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Keynote Speech: Summit on Green and Safe Healthcare Facilities

January 26, 2017

Keynote Speech of Senator Loren Legarda

Summit on Green and Safe Healthcare Facilities

Theme: “Take Charge: Linkages towards Green and Safe Healthcare Facilities”

26 January 2017 | Antipolo, Rizal

 

It is with great pleasure that I take part in this gathering of delegates from the health care sector. I see this as an opportunity to build stronger partnerships with you as we seek to create solutions for the growing social, economic and development challenges caused by environmental degradation and disasters arising from natural hazards made stronger by climate change.

One way to perceive how the climate works is to allude to it like the engineering of the human body — complex and interconnected.

The body is an amazing creation, made of parts that are integral to making it function. Millions of pathways combine to form cells, tissues and organs that allow us to be human.

It is the same way that our climate and our planet’s environment are interconnected. Changes in the climate create impacts that are large and encompassing, affecting every living thing.

The Climate Crisis and Public Health

Climate change did not happen overnight, and it has taken us super typhoons and tsunamis, sinking islands, parched and unusable land, and staggering numbers of lives displaced and perished to visualize what scientists and environmental activists have been warning us for decades – that among other effects, “climate change will be the biggest global health threat of the 21stcentury.”

As climate change alters rainfall patterns and brings deadly, intensified and frequent calamities, it will affect public health. Governments, organizations, businesses and the private sector will face conundrums that include the spreading of deadly diseases and viruses, decrease in well-being of citizens, not to mention medical relief needed with each catastrophe.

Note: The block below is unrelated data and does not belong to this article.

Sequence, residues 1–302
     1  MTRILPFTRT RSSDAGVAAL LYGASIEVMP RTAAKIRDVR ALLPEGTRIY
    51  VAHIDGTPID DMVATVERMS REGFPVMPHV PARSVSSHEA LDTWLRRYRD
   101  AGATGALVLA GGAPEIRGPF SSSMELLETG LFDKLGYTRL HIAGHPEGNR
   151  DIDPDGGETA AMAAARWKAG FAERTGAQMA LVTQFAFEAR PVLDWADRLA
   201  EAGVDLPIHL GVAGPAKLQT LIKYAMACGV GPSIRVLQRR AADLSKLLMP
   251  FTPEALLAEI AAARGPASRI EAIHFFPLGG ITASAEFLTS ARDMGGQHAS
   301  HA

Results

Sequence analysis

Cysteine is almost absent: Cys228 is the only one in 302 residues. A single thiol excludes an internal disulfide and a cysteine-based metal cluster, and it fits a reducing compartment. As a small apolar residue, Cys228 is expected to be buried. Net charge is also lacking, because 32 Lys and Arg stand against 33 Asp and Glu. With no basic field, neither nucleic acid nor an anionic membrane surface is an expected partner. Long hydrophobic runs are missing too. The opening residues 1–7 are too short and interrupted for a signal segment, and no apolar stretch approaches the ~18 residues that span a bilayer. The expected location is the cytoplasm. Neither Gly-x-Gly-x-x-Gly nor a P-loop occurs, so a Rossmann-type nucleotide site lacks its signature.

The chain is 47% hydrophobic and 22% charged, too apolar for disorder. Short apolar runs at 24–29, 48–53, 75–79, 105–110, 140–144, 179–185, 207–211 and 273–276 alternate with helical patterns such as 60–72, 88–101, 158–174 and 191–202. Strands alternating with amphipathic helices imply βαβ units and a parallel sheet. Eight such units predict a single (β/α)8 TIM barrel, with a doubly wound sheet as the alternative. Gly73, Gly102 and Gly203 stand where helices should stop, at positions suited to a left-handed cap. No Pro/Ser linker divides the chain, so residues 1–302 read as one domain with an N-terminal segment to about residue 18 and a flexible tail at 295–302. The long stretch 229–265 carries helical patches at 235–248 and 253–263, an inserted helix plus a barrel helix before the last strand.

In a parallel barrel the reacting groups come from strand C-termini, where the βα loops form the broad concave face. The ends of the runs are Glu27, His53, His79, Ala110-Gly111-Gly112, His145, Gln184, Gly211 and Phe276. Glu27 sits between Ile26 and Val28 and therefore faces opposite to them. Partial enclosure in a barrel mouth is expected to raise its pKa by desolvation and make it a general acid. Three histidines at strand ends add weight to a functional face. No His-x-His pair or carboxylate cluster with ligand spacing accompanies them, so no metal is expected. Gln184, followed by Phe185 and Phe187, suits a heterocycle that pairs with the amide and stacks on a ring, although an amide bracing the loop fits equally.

According to a study conducted by the World Bank, “the average global cost of adaptation in the health sector for the prevention and treatment of diarrhea and malaria alone will reach $1.3 billion to $1.6 billion per year over the period 2010–2050.” [1]

A United Nations Framework Convention on Climate Change (UNFCCC) study estimates the adaptation cost in the health sector to range from $2 billion and $14 billion over the period 2010–2030.

But what has caused this constant warming of the Earth’s temperature that has led to the climate crisis?

Key findings of the Intergovernmental Panel on Climate Change (IPCC) revealed that climate change is “unequivocal” and that there is 95 percent likelihood that human activity is the cause of global warming.[2]

Human activity released 545 gigatons of carbon dioxide—the main greenhouse gas (GHG) from 1750 to 2011. In the last decade, 90 percent of rise in carbon dioxide levels was due to burning of fossil fuels.